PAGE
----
Oh dear, another crossover vanity project from a hip hop wannabe. Let’s cut the pretence: long to the short, that’s what you’re probably thinking. But, happily, you’d be wrong. Travis Barker, the drummer from various bands such as Blink 182, has produced an album that is remarkably consistent throughout, with some excellent beats and a great overall vibe. In Hip Hop 2011, the rules are “there are no rules.” Seriously, if you want to chuck Justin Bieber on a track with Raekwon, it’s all good. But there is one thing above all that Barker has managed to pull off on “Give the Drummer Some.”
There is a shared hallmark of all great executive producers overseeing projects such as these â€“ or, indeed, albums in general: they know how to get the rappers amped up, in the zone and hungry to impress. After recent albums (such as Lupe Fiasco’s) where the artist, for whatever reason, seems to coast through, only doing the absolute bare minimum, it is so refreshing to see virtually EVERY rapper (and the Deluxe version crams over a mammoth 35 rappers into the mix) turning in work at close to their full capacity. Lupe himself absolutely tears up the urgent “If U Want To” with a tour de force performance (his random quotation of Method Man, by the by, is insanely funny), and it’s certainly one of the hottest tracks on the LP. Initially, it highlights one of the few problems apparent on “Give the Drummer Some” â€“ the vast number of guests is quite overwhelming at first, and it might have been nice to have balanced it out with one MC/group taking care of a whole track by themselves a bit more often (such as the Lupe joint or “Jump Down” â€“ handled brilliantly by The Cool Kids). But after you listen to the whole album a couple of times, you can focus on each track with more clarity, and you start to realise that the success rate is very high.
“Let’s Go” has sterling contributions from Busta Rhymes, Twista and Yelawolf, with the usual high-energy chorus from Lil Jon. The Slaughterhouse track “Devil’s Got a Hold of Me” is, for my money, better than practically every song on either their album or EP â€“ the beat just sounds superior for their brand of “I’m-going-slice-your-head-off” rhymes, and the chorus is absolutely top-notch (more of these, and Shady Records could be looking at a nice little earner). “Cool Head” could have been lifted off Kid Cudi’s second LP, with Barker’s excellent production and Cudi’s unrivalled sense of musicality dovetailing superbly. “Carry It” is a more old school hard-knockin’ Wu joint with a slamming beat; opener “Can a Drummer Get Some?” features The Game, Rick Ross and (with the best verse) Lil Wayne, and it provides a solid start to the album. Cypress Hill sound fantastic on the album closer “Beat Goes On.” You’ll note that I’m randomly cherry-picking songs in a non-sequential format â€“ that’s what this album feels like, as even though it’s a coherent front-to-back listen, you will invariable like certain songs a lot more than others.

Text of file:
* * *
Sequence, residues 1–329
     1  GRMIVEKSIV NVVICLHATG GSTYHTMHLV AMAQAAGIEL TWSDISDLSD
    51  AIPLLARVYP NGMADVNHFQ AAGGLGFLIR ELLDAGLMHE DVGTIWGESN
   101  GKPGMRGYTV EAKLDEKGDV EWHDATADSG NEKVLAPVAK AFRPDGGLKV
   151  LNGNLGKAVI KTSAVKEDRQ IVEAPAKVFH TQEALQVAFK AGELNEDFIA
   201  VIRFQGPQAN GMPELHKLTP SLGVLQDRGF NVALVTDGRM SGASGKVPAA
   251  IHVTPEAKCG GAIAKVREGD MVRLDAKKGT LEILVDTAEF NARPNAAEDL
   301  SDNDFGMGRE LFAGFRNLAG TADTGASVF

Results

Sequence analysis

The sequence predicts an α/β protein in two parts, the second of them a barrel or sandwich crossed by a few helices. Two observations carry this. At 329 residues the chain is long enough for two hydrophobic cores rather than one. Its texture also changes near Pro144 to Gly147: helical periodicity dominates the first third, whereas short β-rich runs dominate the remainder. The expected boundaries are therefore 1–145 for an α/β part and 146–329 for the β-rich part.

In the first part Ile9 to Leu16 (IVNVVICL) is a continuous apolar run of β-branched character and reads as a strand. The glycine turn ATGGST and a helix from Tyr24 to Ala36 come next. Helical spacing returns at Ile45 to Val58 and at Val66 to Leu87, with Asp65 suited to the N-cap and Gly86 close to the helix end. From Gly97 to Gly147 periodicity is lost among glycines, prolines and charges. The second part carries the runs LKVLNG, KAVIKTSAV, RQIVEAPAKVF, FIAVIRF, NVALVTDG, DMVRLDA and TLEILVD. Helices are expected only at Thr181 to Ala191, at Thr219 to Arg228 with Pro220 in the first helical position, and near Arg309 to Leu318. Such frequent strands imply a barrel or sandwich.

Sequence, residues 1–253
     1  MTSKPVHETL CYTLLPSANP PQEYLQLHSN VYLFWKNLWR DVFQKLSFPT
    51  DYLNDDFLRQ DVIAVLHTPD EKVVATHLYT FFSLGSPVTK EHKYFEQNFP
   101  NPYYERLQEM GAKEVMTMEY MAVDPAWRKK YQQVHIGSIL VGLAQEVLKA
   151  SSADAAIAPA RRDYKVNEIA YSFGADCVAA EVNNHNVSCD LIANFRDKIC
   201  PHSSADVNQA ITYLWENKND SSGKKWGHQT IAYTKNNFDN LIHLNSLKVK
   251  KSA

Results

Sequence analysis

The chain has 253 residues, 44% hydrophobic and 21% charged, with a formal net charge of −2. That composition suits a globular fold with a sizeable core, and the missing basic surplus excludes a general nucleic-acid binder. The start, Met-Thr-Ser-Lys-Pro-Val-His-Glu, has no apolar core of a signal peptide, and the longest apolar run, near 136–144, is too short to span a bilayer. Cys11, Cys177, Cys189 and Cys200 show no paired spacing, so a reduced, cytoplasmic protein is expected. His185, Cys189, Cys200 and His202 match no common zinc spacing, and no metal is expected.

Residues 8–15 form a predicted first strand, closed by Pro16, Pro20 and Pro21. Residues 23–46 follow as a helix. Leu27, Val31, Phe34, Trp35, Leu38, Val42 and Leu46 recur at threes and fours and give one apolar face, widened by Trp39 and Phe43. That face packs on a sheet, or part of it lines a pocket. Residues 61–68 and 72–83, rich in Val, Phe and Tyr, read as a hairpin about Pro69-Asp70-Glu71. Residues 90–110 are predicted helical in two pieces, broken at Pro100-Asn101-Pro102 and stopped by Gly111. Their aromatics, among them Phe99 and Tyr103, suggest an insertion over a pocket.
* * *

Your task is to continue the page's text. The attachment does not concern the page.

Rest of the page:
There are a few numbers that just don’t seem to work quite as well: “Knockin'” is one, where the beat and the guests just don’t sync well enough; “Saturday Night” feels misplaced and a touch laborious compared to the quick-fire nature of other songs; “Raw Shit” is perfectly fine, but just not up to the level of most of GTDS; if we’re talking about the Deluxe cut, the two more “rock” joints are significantly better than the two rap ones (although, as is often the case with bonus tracks, put much of this down to personal preference). But if we’re just focussing on the main 12 song cut, then Travis Barker is going to attract his fair share of criticism â€“ but only from people that haven’t taken the time to ACTUALLY listen to “Give the Drummer Some” properly, and with open ears.
The greatest irony of this consistent and surprisingly enjoyable album is the fact that you would have expected banging beats, but MC’s to phone in their verses and makes a trillion corny rock references. The reverse of this rings more true, as this is absolutely an MC-driven album â€“ trust me, if you love lyrics (and hey, you’re on RapReviews, so it’s a safe bet), then the chances are that after a couple of spins to digest it all, you will start to really dig this album. Perhaps not “love” but really appreciate it â€“ appreciate the care and attention that has gone into almost every second of it, the countless guests that universally seem fired up enough to deliver close to their best verses, and some truly excellent beats. Travis himself doesn’t overplay the “drummer” card and ruin tracks: he knows when to come in, and when to ease off. What is truly clear is that Barker loves hip hop, and he has really put his all into producing this album. There are a few missteps (some songs that didn’t quite click, a few beats that aren’t quite up to par) and this album might not make too many year-end lists. But it’s an album made with passion, spirit and a hunger to impress â€“ something that’s been missing in much of this corporate rap era. It’s not a vanity project at all â€“ it’s a labour of love. Bravo.